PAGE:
I scooched around in my seat and got ready for the train ride that would take me on a visit to my grandchild. I certainly did not need a mirror to know that I was smiling and filled with joy. As the Wolverine Line of the Amtrak train departed the Ann Arbor station, I grabbed my camera so I could photo document the trip and the views. Life was good. We raced past meadows, Main Streets, wooded acres, homes, and factories. I kept busy with my camera. But curiosity finally won out and I pushed the camera buttons that were necessary to review my photographs. “Drat,” I thought to myself as I looked at a series of photos blurred by the motion and speed of the train. “It’s all a smear.” I disparaged. But, then again, the smile came back. “Yep,” I thought, “my own life is going by so quickly that my memories are like these streaked photos.” A train in motion and my life in motion too. “I am a grandmother, I am a grandmother,” I kept repeating to myself almost in rhythm to the wheels. I tried to think where all that time had gone since I was holding my own babies. Where?
The gentleman across the aisle started to address me, “Good Day, are you on vacation?” he asked.
“Something much better.” I replied and then I explained, “I am going to see my grandchild. I am pretty happy.”
“I could tell you looked pretty excited.” He said and I decided right then that I liked him. His company and conversation would be fun. “My name is Dave.” He stood up and reached over to shake my hand.
“My name is Claire.” I shook his hand and looked at his kind eyes.
The next half hour was filled with him showing me a train app on his phone. He showed me exactly where we were on the tracks and our current rate of speed.
Eventually, our conversation became more personal. “I am 59 years old and I am so happy to be a grandmother.” I told him. “I guess I am an old woman now.”
Dave said, “Well, I am 79. I am so old that you could ask me anything and I would know the answer.” He finished that zinger by giving me a genuine smile.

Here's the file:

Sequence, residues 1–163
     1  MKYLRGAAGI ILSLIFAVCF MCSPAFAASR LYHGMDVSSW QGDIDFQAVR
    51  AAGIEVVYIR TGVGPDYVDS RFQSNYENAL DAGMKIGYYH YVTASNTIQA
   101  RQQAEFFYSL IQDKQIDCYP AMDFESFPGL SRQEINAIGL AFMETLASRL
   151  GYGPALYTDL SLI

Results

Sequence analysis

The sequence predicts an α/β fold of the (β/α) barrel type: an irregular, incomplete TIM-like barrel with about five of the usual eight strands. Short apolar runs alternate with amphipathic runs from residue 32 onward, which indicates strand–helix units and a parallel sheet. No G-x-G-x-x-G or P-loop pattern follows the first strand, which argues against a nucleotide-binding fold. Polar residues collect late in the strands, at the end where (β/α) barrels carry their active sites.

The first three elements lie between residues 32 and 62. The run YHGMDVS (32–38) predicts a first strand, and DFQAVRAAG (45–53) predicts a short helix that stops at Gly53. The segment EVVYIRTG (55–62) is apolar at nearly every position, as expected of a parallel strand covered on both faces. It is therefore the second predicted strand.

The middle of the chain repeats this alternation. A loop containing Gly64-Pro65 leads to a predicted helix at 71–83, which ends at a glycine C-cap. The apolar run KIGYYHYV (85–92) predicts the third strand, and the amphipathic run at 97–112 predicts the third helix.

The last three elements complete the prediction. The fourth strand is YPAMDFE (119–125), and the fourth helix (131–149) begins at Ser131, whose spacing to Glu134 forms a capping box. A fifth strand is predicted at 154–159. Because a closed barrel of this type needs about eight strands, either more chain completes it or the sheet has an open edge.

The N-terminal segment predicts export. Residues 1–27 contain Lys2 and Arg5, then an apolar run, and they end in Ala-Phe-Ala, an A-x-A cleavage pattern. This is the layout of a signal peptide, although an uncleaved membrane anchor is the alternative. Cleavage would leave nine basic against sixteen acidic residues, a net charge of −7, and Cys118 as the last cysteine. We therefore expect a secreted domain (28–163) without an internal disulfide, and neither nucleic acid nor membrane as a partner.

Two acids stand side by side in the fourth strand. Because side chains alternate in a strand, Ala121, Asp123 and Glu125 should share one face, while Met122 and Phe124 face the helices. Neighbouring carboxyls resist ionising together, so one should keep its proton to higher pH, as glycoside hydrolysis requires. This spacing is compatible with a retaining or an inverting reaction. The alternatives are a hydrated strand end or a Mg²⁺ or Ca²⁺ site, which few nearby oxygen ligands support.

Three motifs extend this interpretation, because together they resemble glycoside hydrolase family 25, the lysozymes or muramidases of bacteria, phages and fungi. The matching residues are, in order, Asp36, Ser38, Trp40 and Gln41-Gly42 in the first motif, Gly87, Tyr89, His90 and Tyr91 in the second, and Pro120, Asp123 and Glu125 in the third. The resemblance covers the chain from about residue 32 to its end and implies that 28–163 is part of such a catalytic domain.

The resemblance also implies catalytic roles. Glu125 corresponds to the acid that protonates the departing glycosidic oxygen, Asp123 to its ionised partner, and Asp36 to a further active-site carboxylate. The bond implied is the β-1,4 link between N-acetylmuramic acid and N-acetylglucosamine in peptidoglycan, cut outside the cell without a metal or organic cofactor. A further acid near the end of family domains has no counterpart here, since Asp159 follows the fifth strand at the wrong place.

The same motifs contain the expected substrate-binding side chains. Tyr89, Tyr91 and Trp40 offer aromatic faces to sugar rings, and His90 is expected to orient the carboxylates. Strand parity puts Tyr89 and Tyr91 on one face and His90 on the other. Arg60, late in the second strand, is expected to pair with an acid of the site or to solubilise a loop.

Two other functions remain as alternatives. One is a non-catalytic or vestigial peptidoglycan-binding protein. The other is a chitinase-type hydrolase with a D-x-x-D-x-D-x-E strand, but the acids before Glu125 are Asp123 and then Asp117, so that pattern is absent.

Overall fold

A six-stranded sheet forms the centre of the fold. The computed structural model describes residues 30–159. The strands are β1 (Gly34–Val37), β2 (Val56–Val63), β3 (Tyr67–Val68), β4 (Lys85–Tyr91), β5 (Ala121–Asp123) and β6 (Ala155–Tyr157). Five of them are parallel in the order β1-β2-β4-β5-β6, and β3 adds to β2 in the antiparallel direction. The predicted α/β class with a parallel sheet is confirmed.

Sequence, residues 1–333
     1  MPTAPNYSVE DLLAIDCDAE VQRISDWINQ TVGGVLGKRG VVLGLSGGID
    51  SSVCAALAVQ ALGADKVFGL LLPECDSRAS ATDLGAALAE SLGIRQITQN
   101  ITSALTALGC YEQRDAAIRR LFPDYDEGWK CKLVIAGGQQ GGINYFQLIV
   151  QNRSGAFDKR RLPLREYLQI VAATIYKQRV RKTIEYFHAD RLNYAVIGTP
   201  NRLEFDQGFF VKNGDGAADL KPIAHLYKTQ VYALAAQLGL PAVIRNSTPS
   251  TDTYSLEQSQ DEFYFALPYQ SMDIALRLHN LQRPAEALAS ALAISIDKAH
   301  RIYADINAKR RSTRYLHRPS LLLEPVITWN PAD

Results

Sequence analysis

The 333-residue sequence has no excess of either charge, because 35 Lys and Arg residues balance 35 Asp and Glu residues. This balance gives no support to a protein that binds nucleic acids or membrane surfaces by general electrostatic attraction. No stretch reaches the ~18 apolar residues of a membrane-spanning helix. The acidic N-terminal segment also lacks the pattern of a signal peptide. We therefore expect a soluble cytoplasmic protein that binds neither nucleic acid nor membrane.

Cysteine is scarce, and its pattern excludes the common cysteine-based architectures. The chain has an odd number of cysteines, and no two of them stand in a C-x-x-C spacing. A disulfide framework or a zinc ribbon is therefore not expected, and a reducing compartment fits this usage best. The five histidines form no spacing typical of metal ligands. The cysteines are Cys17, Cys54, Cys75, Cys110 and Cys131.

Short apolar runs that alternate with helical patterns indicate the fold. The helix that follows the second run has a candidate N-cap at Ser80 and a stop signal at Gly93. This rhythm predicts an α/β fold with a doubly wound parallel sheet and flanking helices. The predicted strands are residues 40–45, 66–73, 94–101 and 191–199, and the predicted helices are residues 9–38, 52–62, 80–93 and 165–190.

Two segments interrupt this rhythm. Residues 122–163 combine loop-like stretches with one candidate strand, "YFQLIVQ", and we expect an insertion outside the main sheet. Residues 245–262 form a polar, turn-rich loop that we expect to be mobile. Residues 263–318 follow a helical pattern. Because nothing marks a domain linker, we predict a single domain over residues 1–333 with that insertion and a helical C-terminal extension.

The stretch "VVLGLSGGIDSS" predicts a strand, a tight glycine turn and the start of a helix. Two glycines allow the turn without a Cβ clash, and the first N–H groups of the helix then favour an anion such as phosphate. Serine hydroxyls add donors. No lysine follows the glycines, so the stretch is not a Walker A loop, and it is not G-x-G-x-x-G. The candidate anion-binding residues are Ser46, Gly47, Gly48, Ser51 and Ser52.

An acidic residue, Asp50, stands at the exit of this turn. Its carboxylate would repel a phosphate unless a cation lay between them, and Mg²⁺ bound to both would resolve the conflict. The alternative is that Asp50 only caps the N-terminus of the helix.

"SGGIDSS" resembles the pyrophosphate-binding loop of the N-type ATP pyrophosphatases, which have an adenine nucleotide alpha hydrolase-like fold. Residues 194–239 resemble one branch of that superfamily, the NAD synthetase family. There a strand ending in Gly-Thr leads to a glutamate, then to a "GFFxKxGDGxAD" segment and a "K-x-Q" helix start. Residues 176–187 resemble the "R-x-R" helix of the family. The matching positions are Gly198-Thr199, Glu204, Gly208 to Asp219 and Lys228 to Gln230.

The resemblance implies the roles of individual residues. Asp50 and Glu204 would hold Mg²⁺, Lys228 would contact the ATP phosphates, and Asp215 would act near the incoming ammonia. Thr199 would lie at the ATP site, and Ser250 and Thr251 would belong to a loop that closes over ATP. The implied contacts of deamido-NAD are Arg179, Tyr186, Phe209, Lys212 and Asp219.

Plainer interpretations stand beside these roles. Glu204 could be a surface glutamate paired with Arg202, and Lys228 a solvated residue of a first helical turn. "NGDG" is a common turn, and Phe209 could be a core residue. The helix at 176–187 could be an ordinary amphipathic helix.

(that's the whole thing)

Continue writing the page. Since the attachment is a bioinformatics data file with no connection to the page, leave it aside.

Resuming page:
In life, you do not always come up with a quick retort, but this time I certainly did. “Ok Dave. So, I can ask you anything, but how much do you remember about everything?”
His belly laugh startled some of the other passengers. I started laughing too.
I got a bit more serious. “Ok, if I can ask you anything, then how about this one? What is the meaning of life?” I said it with a smile, but his answer was profound.
“Oh, I’m honored to be the one to tell you that the entire meaning of life is to love. I suggest loving as many people as you can. I suggest that you spend time with your grandson and love him. I suggest you spend time with your elderly widowed father and let him know your feelings. Keep falling in love with life.” He looked over at me. “Just love.” He concluded.
I was filled with emotions. I understood. I met a stranger on a train and I finally understood. It was not my job, not my house, not my appearance, not my intellect or humor. None of those was what we refer to as the meaning of life. It was so obvious and simple now. Just love.” I smiled and smiled.
And then, just like that, Dave stood up and told me that we had reached Battle Creek and it was his stop. He wished me a pleasant visit with my grandson, and he was gone.
“It’s like that with the people in our lives who we like, cherish or love. They have different journeys. But we shared a moment.
I learned a lesson about life on a train and I wanted to share it with you. I wanted to tell you to Just love. Oh, and “Go ahead, ask me anything!”